LAKIN@LARGE - The Blonde, the GPS and the Tourbillon

June 2009

If there’s one thing that I love about the weekend, it’s the Sunday news-papers. If I’m in Geneva, Menton or even on that remote lump of rock lovingly referred to as Guernsey, I get The Sunday Times and a local paper to see if I’m in the obituary column and check whether or not I’ve won the lottery – although I suppose if I’m not in the obituaries I’m already a winner, right?
Recently, in The Sunday Times, neatly tucked in behind a business page that had an article with the intriguing sub-title of ‘A men-only bash with lingerie models is just business, says city firm’, there was this headline: ‘Laser clocks stay spot on for 2bn years.’


Apparently, some US scientists have created an Optical clock that is accurate to within one second every 1.7 billion years. Without wishing to appear pedantic, how the hell can anyone presume to claim that sort of accuracy without having tested it for at least a million or two of those years? And what about the clock’s functioning in two billion years from now? When the Atomic clock was invented in 1955, that was proclaimed accurate to a second in a more acceptable duration of 300 years. But in around two billion years, who knows what can go wrong, the elastic band that holds the bloody thing together may have worn or the two AA batteries that make it tick may need replacing.
Okay, I know, I can hear you, it probably doesn’t have an elastic band or batteries. So what, the argument still holds true doesn’t it? But to show my willingness to move with the times, this, in layman’s language, is basically how it works: a laser is fired at an atom which then vibrates at a high and constant frequency and it’s the frequency of the vibrations that measure time. But as to how often the laser is fired at the atom is another mystery altogether – not to mention the fact that you’ll have to be a hell of a marksman to hit an invisible atom.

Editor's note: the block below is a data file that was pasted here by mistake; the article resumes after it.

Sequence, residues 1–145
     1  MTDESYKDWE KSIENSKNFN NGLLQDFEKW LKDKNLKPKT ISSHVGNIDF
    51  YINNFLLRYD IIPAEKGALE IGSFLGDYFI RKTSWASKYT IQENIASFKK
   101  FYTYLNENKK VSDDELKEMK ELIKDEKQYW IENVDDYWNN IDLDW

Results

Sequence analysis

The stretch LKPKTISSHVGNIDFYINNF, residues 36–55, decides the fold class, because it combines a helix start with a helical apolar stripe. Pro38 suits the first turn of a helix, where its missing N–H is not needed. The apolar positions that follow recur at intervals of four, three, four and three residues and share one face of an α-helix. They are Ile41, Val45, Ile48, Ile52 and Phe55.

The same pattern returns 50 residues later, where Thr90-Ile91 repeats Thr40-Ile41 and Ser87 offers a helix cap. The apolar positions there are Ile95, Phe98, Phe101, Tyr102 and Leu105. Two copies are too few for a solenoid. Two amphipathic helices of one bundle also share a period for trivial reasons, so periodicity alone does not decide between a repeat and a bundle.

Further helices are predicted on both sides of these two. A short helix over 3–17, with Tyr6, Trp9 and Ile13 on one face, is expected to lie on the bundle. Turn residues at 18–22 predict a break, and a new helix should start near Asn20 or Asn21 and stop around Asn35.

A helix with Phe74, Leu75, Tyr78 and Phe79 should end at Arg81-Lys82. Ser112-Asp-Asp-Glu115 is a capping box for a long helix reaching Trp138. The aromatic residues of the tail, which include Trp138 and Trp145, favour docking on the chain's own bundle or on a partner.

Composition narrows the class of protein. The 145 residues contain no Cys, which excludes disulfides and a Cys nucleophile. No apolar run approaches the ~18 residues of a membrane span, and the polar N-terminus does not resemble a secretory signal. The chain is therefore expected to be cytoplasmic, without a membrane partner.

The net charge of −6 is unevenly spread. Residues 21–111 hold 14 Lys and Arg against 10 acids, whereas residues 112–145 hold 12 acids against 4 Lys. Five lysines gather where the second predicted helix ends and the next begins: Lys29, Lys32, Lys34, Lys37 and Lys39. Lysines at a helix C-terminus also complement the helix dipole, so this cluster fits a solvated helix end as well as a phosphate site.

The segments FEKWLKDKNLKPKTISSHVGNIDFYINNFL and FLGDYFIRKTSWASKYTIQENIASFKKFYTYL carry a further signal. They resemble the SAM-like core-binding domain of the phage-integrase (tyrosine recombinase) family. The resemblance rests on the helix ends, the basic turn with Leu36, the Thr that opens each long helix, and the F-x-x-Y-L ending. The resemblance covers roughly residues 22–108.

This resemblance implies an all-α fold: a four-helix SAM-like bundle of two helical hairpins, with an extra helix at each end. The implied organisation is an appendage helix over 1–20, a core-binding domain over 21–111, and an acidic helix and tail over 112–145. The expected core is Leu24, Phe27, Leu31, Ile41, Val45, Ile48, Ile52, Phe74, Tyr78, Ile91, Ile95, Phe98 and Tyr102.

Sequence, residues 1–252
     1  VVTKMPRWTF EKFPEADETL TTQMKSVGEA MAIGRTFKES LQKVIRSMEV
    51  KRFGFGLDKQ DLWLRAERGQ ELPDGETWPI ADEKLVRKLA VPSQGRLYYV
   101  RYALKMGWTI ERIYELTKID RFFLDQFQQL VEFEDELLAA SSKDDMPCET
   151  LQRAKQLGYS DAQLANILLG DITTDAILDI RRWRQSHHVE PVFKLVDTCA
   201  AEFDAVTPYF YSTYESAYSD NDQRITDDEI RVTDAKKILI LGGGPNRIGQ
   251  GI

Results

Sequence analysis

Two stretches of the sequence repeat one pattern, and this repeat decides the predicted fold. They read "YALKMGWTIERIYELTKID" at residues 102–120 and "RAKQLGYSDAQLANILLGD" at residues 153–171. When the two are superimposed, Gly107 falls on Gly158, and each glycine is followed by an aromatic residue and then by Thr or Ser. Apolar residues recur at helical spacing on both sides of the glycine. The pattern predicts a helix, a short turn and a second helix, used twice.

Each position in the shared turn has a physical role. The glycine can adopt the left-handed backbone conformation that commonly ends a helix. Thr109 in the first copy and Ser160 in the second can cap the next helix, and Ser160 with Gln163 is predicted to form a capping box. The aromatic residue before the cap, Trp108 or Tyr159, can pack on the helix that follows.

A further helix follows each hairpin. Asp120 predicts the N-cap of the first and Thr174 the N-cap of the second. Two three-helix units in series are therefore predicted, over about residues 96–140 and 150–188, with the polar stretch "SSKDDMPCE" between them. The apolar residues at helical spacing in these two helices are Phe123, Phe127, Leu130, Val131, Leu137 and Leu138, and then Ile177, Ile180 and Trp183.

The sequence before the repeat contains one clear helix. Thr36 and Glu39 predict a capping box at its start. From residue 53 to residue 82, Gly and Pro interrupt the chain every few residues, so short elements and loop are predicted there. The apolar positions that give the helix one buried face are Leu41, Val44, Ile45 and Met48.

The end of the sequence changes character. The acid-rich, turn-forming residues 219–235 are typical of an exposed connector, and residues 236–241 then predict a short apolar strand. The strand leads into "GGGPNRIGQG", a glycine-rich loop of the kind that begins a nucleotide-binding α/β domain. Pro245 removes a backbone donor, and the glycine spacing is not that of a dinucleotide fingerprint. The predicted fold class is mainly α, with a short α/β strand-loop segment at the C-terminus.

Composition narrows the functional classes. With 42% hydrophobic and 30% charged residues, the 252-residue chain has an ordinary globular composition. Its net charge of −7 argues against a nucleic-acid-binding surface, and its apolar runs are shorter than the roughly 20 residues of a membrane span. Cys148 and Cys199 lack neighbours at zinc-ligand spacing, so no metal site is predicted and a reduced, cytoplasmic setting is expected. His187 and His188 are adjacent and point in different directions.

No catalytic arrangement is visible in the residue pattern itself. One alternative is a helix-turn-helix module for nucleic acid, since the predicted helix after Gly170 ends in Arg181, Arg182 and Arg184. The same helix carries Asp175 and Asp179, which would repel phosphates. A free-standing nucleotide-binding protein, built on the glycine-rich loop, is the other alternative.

Be that as it may, it appears that one of the most exciting elements that will emerge with the Optical clock will be the improvement to global pos-itioning systems (GPS) which track planes, ships, cars and shows you the route to your favourite watering hole. What will happen is GPS appar-atuses will receive microwave signals by satellite and by measuring the time these take to arrive, your position can be pinpointed to anywhere between one and ten metres.
Personally, if I was sitting in my car chatting up the blonde, the last thing I would want is a microwave beaming down on me given that I was prob-ably close to boiling point already. On the other hand, it appears that the improved satellite technology will enable you to have a driverless car, leaving your hands free for … if you see what I mean. A quick chromatic scale on the keyboard of your GPS and you’re en route to your favourite disco, then a few drinks and a rave later you are on the way to an out of the way beauty spot whilst you’re in the back seat of the car with the blonde. You then return home without having broken any laws or anything more ser-ious than your marriage vows.
The only problem with all this is that your missus will more than likely have her own GPS system that can not only track you down, but also inform her as to whether or not the blonde’s wearing Victoria’s Secret, not to mention how and where to beam down those malicious microwaves – which will give an entirely new meaning to Shirley Bassey’s hit song ‘Fire down below’.
Now for something a little different, a tiny morale booster to beat back those economic blues. I recently mailed a form to Editions Atlas in Switzerland agreeing to purchase a mechanical hand-wound ‘Loire’ pocket watch for CHF 8.90 (that’s 6 euros). It arrived a week or two later and, surprise, surprise, it works. But the good news doesn’t end there, because, if I accept the next watch from their Heritage Collection – the Esprit du Temps which is nothing less than a tourbillon – at the exorbitant price of CHF 16.90 (11.40 euros), then I don’t have to pay for the Loire watch!
I’m now waiting with baited breath for the tourbillon to arrive – although I may have to wait 2 billion years before it’s actually in my mail box – and it comes with a distinct absence of microwaves. I may disintegrate from the radioactivity on the luminous hands or become a walking skeleton from corrosive poisoning, but at least I’ll be the proud owner of a tourbillon for less than the price of a plat du jour in my local brasserie. My sincerest apologies to you Abraham-Louis, but you shouldn’t have invented something that could be proved viable in less than a million or so years!

Source: Europa Star April-May 2009 Magazine Issue